What You Need to Know About the YouTube Ad Boycott

Posted by Andrea Keating on April 13, 2017

With over one billion users, it’s not hard to understand why YouTube is such a popular advertising platform. In fact, according to YouTube, the platform reaches more 18 to 34 and 18 to 49 year-old’s than any single cable network in the U.S., and there are hundreds of millions of hours of video watched on the platform by users every day. Despite this incredible reach, you may have heard about large corporations starting to boycott YouTube’s platform. If you’re in the U.K., you’ve almost certainly heard about it as both the government and BBC have made the same decision. Below, we’ll discuss exactly what has led to the YouTube ad boycott, whether there any precautions your own business should take, and whether or not these corporations have other motives.

The Growing Concerns Against YouTube

Some of the biggest companies in the world — including AT&T, Johnson & Johnson, and Verizon — have pulled their advertising from YouTube. This is due to increased pressure from media and fans who don’t believe YouTube does enough to control the sometimes offensive content that ads can run in front of. This is especially concerning when it comes to content posted by terrorists or known hate groups. Because companies must protect their brand at all costs, major corporations have pulled ads from YouTube.

In response, Google has vowed to provide companies greater control. Additionally, they are going to ramp up alerts when brands have ads running before questionable content. As a direct response to many major advertisers pulling support, they have also begun an in-depth review of their advertising policies. This is being made possible by hiring additional staff and dedicating themselves to a complete overhaul.

While Google doesn’t disclose exactly how much money they make from YouTube advertising partners, experts estimate the platform generates about $5.5 billion annually. The decisions of their partners threaten to cut into this number significantly.

Considering Steps Your Own Brand Must Take

As a brand, it might seem difficult to determine exactly which steps you should take next. After all, some customers are clamoring for a YouTube ad boycott. They very well might expect you to follow the path of industry giants. However, many other customers are either unaware of the controversy, or simply aren’t concerned. Pulling away from YouTube limits your options. There aren’t many other platforms with the size and scope of YouTube.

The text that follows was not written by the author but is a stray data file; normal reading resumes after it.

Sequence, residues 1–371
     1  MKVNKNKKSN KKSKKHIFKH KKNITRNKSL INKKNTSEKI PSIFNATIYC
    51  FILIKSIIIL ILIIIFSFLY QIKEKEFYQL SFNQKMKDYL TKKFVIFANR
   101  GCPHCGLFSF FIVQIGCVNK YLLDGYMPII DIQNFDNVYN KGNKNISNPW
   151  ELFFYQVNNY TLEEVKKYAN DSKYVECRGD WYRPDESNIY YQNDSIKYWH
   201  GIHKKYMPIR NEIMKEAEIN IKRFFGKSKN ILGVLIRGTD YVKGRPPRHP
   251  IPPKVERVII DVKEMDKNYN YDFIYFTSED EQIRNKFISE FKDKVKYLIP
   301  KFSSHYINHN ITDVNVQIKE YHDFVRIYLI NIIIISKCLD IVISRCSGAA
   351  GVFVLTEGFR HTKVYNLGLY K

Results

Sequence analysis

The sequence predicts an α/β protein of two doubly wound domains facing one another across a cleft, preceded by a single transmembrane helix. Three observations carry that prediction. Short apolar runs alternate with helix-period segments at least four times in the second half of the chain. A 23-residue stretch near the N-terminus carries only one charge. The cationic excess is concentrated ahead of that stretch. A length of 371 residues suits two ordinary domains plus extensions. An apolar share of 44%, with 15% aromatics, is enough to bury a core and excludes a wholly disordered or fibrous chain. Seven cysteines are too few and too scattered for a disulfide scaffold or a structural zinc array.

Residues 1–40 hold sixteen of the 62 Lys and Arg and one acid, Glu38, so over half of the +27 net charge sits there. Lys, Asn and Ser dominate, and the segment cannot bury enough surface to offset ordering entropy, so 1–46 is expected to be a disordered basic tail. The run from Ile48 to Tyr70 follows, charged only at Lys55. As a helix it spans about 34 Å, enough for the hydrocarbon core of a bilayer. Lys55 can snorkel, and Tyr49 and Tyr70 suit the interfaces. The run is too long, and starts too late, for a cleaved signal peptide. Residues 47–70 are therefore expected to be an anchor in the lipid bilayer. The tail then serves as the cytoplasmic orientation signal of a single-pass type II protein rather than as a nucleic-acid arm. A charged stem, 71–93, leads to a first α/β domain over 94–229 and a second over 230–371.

Further, as more brands pull away, it leaves room for smaller, growing brands to make their mark. If you’re feeling strategic, it could be the perfect time to increase your YouTube ad budget. This is especially true if you’re trying to draw market share away from one or more of the companies that have already publicly pulled away from YouTube.

It could also be worth waiting to make a decision as Google begins to implement promised changes. There’s a good chance that new tools and policies are able to eradicate any concerns … or that they’re completely ineffective. Either way, it would make your decision easier.

In the end, it’s a complicated decision that can only be made by examining how your company and audience feel about Google and YouTube, and whether or not you believe that they’re going to resolve everything. However, it could be useful to examine exactly how honest companies are when they announce that they are pulling their ads.

Are AT&T and Verizon Being Entirely Truthful?

It’s important to keep in mind that every business decision is made with more than one purpose behind it. Companies aren’t going to abandon YouTube unless it makes sense. Many of the companies are issuing statements and attempting to capitalize on the good publicity.

Verizon and AT&T, on the other hand, have even more reason to go against YouTube. Both telecommunication behemoths are angling to start their own digital advertising divisions. This is one of the biggest reasons that Verizon purchased AOL and is rumored to be interested in Yahoo. And it’s why AT&T has considered taking over Time Warner. Ultimately, YouTube’s loss is their gain, so it’s a no-brainer to pull support and grab some good PR. Unless your company will also benefit from a chink in Google’s armor, the decision will be trickier.

youtube ad boycott

Whether you’re looking to place corporate video ads on YouTube or considering another platform, you need a good crew to create content. That’s where Crews Control can help. No matter what type of video you’re going to shoot or what platform you’re planning to place it on, we can find a local crew to help. To get started, click here and we’ll send a free quote.

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